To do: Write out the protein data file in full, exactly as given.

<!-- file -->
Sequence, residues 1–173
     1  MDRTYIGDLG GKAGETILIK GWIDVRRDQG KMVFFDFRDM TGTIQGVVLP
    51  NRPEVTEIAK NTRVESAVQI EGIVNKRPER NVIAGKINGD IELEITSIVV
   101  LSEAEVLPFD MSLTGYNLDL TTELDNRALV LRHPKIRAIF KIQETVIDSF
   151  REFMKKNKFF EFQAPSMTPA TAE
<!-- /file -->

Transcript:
Sequence, residues 1–173
     1  MDRTYIGDLG GKAGETILIK GWIDVRRDQG KMVFFDFRDM TGTIQGVVLP
    51  NRPEVTEIAK NTRVESAVQI EGIVNKRPER NVIAGKINGD IELEITSIVV
   101  LSEAEVLPFD MSLTGYNLDL TTELDNRALV LRHPKIRAIF KIQETVIDSF
   151  REFMKKNKFF EFQAPSMTPA TAE